On December 17, 2014, the Obama Administration (the “Administration”) announced a major shift in longstanding U.S. foreign policy toward Cuba. In the coming months,  the Administration will seek to normalize diplomatic relations between the United States and Cuba, ending decades of political estrangement and economic isolation. According to the White House, this historic announcement will be followed by signifi- cant changes to the current U.S. Cuba economic sanctions and export controls regime. Such impending changes may have great implications for U.S. persons interested in engaging in personal or business dealings with Cuba that are currently restricted or prohibited under U.S. law.

While complete removal of the current U.S. sanctions and export controls against Cuba would require Congressional action to repeal associated legislation, many elements of the current sanctions and export controls regime may be relaxed by the Administration by means of amendments to the regulations administered by Executive departments and their agencies. The current U.S. Cuba economic sanctions program, set forth in  the Cuban Assets Control Regulations, 31 CFR Part 515 (the “CACR”), is administered by the Office of Foreign Assets Control (“OFAC”) of the U.S. Department of the Treas- ury. The CACR generally prohibits all persons subject to U.S. jurisdiction, including branches and subsidiaries of U.S. companies, from exporting to Cuba, importing from Cuba or otherwise engaging in transactions involving Cuban interests. The CACR af- fords for a limited number of exceptions in the form of general and specific licenses from OFAC. Related export controls involving Cuba, set out in the Export Administra- tion Regulations, 15 CFR 730-774 (the “EAR”), are administered by the Bureau of In- dustry and Security (“BIS”) of the Department of Commerce. Such export controls generally prohibit the exporting to Cuba, without a license from BIS, of items subject to the EAR. During the decades following the Cuban Revolution, U.S. sanctions and ex- port controls have, together, effected a largely absolute trade embargo of Cuba.

In furtherance of the Administration’s new Cuba policy, OFAC and BIS will undertake incremental revision of the CACR and the EAR during the upcoming weeks and months. According to the White House, amendments to the CACR and EAR will result in significant relaxation of current restrictions on dealings with, in or involving Cuba and Cuban nationals. Noteworthy elements of the forthcoming relaxed regulatory framework include:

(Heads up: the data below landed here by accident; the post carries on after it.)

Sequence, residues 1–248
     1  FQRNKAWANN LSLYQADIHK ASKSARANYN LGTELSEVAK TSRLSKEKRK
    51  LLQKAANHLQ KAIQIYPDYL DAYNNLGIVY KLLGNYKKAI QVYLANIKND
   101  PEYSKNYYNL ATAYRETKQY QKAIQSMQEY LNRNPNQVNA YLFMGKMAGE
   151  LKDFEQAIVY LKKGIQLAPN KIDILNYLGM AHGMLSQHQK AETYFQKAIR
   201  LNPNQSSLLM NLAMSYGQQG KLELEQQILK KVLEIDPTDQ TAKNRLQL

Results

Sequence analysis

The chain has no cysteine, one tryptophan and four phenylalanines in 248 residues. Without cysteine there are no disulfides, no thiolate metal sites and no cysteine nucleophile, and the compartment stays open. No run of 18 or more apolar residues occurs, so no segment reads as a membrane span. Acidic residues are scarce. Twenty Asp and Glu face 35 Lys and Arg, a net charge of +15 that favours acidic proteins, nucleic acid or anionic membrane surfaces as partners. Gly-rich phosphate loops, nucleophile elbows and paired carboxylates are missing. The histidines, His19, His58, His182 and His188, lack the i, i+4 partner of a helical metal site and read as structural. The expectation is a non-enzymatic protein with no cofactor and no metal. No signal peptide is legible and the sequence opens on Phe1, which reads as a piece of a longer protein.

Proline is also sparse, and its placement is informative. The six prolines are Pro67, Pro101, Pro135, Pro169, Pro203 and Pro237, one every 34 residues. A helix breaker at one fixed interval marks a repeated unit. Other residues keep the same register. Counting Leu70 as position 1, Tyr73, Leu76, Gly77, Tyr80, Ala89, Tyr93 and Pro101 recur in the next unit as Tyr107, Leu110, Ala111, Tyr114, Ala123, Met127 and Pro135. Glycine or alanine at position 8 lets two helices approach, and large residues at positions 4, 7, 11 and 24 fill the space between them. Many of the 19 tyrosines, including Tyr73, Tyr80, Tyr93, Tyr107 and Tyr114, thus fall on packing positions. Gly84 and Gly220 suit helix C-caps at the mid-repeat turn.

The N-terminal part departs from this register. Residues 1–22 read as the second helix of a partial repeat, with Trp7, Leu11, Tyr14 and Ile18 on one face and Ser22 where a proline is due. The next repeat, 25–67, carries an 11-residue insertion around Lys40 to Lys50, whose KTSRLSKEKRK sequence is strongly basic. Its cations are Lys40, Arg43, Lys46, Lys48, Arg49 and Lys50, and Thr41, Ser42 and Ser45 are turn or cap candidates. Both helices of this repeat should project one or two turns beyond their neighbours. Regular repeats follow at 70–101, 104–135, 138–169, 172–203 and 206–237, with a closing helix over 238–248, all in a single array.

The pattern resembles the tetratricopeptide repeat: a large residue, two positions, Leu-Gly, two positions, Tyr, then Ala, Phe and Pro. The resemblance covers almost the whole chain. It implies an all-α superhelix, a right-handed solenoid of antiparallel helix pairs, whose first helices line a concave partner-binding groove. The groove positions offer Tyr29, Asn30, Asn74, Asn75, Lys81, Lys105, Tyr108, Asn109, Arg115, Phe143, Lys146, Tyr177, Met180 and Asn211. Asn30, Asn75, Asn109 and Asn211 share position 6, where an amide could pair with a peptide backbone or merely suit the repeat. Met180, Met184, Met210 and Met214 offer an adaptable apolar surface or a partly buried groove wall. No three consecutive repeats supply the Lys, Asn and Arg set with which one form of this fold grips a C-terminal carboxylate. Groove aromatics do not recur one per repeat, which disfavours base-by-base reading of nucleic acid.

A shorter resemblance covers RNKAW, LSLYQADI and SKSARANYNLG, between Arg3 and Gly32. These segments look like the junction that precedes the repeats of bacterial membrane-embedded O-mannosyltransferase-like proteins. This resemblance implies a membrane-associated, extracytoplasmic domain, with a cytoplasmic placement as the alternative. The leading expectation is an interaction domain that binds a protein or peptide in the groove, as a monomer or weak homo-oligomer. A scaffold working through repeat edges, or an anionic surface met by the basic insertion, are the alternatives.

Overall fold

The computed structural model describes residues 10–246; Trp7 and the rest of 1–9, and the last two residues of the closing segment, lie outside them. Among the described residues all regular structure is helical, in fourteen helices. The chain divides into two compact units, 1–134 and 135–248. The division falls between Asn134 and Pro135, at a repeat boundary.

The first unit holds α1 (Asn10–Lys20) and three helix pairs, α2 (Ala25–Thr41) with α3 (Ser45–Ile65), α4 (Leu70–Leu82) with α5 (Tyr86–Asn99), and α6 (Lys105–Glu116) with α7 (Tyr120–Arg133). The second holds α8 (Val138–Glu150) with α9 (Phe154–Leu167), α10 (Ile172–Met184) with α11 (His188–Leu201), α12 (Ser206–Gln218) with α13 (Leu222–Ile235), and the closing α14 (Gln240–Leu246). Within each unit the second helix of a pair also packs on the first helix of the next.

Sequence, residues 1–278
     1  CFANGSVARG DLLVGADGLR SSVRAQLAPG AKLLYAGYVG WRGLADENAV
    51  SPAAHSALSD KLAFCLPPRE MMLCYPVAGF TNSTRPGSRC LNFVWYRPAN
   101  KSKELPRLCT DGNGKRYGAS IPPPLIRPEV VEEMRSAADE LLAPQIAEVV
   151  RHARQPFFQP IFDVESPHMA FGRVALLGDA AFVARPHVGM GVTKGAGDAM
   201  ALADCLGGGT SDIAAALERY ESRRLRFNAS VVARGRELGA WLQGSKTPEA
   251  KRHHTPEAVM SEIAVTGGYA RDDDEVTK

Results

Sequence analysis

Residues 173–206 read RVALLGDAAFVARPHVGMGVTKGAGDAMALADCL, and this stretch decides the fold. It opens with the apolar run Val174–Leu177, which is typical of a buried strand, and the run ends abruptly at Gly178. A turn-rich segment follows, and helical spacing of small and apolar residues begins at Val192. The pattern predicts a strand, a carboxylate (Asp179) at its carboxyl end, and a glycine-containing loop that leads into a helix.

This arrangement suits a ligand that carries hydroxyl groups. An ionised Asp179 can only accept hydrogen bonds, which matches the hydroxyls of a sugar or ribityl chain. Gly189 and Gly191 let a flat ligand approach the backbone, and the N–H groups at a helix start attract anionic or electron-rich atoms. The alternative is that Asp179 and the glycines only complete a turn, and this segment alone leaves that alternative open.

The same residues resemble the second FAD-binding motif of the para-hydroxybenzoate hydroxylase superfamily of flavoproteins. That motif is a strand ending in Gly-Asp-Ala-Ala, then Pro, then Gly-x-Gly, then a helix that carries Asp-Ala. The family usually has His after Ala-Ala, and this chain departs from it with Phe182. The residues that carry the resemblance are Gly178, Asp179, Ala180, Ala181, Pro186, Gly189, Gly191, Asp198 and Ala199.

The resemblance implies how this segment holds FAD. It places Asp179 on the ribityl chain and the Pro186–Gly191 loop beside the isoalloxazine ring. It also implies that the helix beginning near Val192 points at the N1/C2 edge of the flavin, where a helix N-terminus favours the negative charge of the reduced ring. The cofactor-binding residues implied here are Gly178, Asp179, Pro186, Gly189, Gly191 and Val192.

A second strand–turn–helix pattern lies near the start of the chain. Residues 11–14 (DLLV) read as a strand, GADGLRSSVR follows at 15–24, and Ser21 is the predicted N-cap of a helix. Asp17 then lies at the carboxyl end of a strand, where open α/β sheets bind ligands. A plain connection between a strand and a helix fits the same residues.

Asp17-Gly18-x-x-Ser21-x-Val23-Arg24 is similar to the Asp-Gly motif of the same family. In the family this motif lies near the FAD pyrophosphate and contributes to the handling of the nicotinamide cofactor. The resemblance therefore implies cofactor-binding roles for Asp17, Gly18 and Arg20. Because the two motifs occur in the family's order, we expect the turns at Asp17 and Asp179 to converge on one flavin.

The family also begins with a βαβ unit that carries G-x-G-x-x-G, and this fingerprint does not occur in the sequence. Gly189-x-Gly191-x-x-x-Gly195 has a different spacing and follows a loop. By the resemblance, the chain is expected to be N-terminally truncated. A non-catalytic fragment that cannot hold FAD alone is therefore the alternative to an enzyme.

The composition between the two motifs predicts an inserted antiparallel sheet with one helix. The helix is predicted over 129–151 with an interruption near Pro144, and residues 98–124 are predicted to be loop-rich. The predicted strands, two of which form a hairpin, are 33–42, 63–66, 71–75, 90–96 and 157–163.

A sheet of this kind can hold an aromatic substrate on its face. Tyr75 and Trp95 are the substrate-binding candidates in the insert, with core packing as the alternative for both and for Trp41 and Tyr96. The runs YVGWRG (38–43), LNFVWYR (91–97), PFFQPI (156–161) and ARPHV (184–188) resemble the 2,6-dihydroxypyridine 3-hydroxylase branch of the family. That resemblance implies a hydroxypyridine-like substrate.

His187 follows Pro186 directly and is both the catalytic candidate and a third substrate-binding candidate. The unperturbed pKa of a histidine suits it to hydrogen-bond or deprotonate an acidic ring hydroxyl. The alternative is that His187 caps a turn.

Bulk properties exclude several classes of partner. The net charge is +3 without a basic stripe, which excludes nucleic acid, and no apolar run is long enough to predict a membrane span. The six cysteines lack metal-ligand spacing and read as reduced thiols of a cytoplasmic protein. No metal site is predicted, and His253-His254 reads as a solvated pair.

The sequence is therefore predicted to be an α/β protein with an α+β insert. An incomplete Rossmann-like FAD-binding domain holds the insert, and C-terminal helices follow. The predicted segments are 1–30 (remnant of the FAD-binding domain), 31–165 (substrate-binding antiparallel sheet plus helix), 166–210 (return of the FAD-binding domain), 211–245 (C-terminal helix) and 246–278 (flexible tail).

Authorization of commercial sales and exports of certain items to Cuba from the Unit- ed States and authorization of imports of goods up to certain dollar amounts by U.S. travelers from Cuba. It is expected that the expansion of categories of permitted ex- ports to Cuba will be broad enough to capture many consumer goods, as well as agri- cultural equipment and building materials.


Permission for U.S. institutions to open correspondent accounts at Cuban financial institutions and for travelers to use U.S. bank-issued credit and debit cards in Cuba. Authorization of such banking activities is intended to facilitate the processing of law- ful transactions involving Cuba.


Authorization of commercial exports of certain items that contribute to access to com- munications in Cuba and permission for telecommunications providers to establish in Cuba mechanisms, including infrastructure, necessary for the provision of commercial telecommunications and internet services. The White House indicated that this cate- gory of permissible transactions will include the commercial sale of certain consumer communications devices and related software, applications, hardware and services, as well as items for the establishment and update of communications-related systems.


Authorization for U.S.-owned and controlled entities in third countries to provide ser- vices to, and engage in financial transactions with, Cuban nationals in third countries.


Expansion of authorizations for travel of U.S. persons to Cuba to permit family visits, official activities of governments and certain intergovernmental organizations, profes- sional research and professional meetings, journalistic, educational and religious activ- ities, exhibitions, public performances, clinics, workshops and athletic and other com- petitions and exportation, importation, or transmission of information or information materials, in each case subject to OFAC regulations and guidelines.